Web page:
Breaking the Pain Cycle

Pain Cycle

As you begin the Hinge Health program it is normal to experience some upticks in pain along the way. They can make it feel like you are making things worse or moving backwards, but it’s important to remember that the persistent pain journey is not a straight path. Ups and downs are expected. Evidence tells us that if you are consistent, patient, and active, your pain system will slowly change and reduce its sensitivity.

Your exercise therapy will help retrain your pain system and increase your strength and flexibility. As your exercises increase in difficulty over time, you’ll move with less pain and more confidence in what your body is capable of. Movement is necessary to break free of what doctors and researchers call “The Pain Cycle.”1

When you are challenged by your pain, repeat the following phrases to yourself

  • I am sore but safe.
  • It’s best to pace it, not race it.
  • Hurt does not equal harm.
  • Movement is medicine.
  • Consistency is key.

Remember to pace yourself and move in a way that feels good to you. If you are experiencing any difficulties it is okay to ask your coach for help. Your coach is there to help modify the exercises so that you may feel successful. Sometimes that may mean skipping an exercise if you’re not quite ready yet, or exploring an exercise without the sensors. It is always better to go slowly instead of stopping altogether.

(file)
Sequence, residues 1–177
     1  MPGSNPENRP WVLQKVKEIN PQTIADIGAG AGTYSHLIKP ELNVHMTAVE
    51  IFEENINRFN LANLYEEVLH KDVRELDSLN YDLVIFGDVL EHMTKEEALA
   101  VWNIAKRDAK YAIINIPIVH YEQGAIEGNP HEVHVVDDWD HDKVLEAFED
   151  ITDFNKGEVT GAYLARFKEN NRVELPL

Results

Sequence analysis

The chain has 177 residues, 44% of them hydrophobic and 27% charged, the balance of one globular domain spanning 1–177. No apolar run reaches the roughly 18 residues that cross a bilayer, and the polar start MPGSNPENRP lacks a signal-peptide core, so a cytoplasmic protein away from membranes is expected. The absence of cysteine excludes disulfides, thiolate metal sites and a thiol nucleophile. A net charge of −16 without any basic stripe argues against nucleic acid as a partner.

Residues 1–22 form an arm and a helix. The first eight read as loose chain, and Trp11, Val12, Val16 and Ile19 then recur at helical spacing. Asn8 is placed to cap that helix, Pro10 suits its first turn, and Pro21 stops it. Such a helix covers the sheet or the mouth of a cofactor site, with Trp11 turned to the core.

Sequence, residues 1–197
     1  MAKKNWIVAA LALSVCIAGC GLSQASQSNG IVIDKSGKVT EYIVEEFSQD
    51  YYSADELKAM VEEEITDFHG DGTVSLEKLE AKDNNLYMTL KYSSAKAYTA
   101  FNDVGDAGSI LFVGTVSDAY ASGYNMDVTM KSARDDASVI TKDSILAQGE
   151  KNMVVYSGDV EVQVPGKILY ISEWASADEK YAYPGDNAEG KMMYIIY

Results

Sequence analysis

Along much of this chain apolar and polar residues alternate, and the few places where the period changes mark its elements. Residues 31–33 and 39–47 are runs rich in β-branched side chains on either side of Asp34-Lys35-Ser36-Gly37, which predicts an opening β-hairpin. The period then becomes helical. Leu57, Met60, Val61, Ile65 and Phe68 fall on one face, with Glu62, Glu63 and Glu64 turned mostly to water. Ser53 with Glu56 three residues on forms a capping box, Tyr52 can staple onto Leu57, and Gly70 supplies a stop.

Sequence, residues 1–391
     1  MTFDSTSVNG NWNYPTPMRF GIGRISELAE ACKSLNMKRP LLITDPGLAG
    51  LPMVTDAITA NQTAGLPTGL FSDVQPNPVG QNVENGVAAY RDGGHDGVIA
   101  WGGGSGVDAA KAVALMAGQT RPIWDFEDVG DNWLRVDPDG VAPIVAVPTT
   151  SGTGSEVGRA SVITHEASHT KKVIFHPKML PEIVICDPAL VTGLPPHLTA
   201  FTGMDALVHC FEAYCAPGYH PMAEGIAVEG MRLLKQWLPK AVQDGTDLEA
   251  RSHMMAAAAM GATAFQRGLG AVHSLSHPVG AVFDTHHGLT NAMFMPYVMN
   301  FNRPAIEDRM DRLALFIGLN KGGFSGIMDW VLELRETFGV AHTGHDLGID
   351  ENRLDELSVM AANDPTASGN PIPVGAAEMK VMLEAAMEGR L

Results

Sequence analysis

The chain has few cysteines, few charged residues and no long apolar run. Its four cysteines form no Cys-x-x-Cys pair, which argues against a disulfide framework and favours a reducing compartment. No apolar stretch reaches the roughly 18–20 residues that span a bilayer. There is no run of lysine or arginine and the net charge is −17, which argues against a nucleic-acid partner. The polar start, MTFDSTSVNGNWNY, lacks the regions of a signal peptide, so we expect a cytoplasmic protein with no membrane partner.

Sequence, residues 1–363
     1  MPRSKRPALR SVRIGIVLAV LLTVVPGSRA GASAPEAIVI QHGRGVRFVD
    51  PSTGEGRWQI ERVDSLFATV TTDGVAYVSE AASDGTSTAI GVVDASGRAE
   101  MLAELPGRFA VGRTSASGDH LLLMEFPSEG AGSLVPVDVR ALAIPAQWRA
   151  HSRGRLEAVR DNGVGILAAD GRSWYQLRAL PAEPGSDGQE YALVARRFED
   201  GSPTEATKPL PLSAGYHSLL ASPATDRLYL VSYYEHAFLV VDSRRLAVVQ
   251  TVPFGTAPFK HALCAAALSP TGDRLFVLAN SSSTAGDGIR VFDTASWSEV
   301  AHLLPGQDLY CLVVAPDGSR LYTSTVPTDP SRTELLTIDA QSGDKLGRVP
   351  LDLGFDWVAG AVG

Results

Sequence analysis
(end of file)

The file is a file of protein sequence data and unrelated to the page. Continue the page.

But also keep in mind that soreness and pain are common, and you will move through it. Your body is capable of amazing things! Your coach will be there by your side to empower you to find the movement that works for your body and help you work confidently through any discomfort.

Key Takeaways

  1. You can break the "Pain Cycle" with movement.
  2. Soreness, pain, and stiffness are common (and even expected) when moving through persistent pain.
  3. You can feel confident that you are safe to move through the initial discomfort, but it is ok to ask your coach for help with movement modifications or pain coping strategies as needed.

References

  1. Butera, K. A., Fox, E. J., & George, S. Z. (2016). Toward a Transformed Understanding: From Pain and Movement to Pain With Movement. Physical Therapy, 96(10), 1503–1507. doi: 10.2522/ptj.20160211